The night before the service myself and the worship team spent a few hours in the chapel rehearsing and praying specifically for obedience and openness to the Holy Spirit’s calling. There’s not a doubt in my mind that those prayers didn’t go unanswered. I ran through my sermon, found it was too long (nothing new), cut a few things and repeated.

The day came to speak and everything ran smoothly. We walked away knowing and already hearing stories of individuals taking life-changing steps; not because of anything we did, but believing because we as a team asked and were obedient to His leading. There was no doubt God worked in our community.

Afterward a few individuals approached me about the sermon’s illustrations and crafted phrases being close to a sermon from a JC podcast video. I explained that the sermon I preached was that very word – the word that God first used to call me into a life of continual leadership. As I wanted to communicate that, I obviously fell short and did not do so effectively. My intentions were never to steal, build a name for myself or give a word that I did not first learn myself. I wanted to share a word that has and forever will shape the way I live my life in hopes that it would have the same impact on others that it did on myself.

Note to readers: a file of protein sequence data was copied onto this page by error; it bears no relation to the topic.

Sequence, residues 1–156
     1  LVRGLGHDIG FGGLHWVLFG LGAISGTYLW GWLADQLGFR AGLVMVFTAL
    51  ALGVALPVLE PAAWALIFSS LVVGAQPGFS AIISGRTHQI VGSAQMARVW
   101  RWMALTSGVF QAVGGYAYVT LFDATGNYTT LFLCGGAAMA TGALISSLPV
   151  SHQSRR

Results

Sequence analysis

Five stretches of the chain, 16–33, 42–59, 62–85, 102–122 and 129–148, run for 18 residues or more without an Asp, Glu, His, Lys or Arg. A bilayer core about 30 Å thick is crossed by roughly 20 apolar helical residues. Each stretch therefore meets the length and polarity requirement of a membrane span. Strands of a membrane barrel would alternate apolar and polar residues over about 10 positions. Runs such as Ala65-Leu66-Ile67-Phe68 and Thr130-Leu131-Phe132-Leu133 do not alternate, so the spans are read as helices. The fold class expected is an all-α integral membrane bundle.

To those I may have offended because of my faults, I mean this with all of my heart – I am sincerely sorry. I ask you would forgive me. It’s easy to look at chapel speakers, leaders, professors or even student body chaplains and think that we have a lot figured out, but I can speak for myself and tell you I don’t.

I’m thankful for three things:

1. There are a lot of lessons that I will need to learn throughout my life, some obviously of legal matters and humility. I’m thankful for these lessons being learned in a loving and incredibly supportive community. Thank you Indiana Wesleyan University for being that for me.

2. The continual affirmation of my calling into ministry and support of friends, professors and others in my life throughout this community.

3. That God is not held back by our shortcomings. That He can choose to speak, call and use individuals like myself, despite their inadequacies, failures, limited knowledge and even their sin. Praise be to Him for even incorporating us into his plan. In the times that I should feel unworthy, I’m honored, treasure and loved enough to still be used.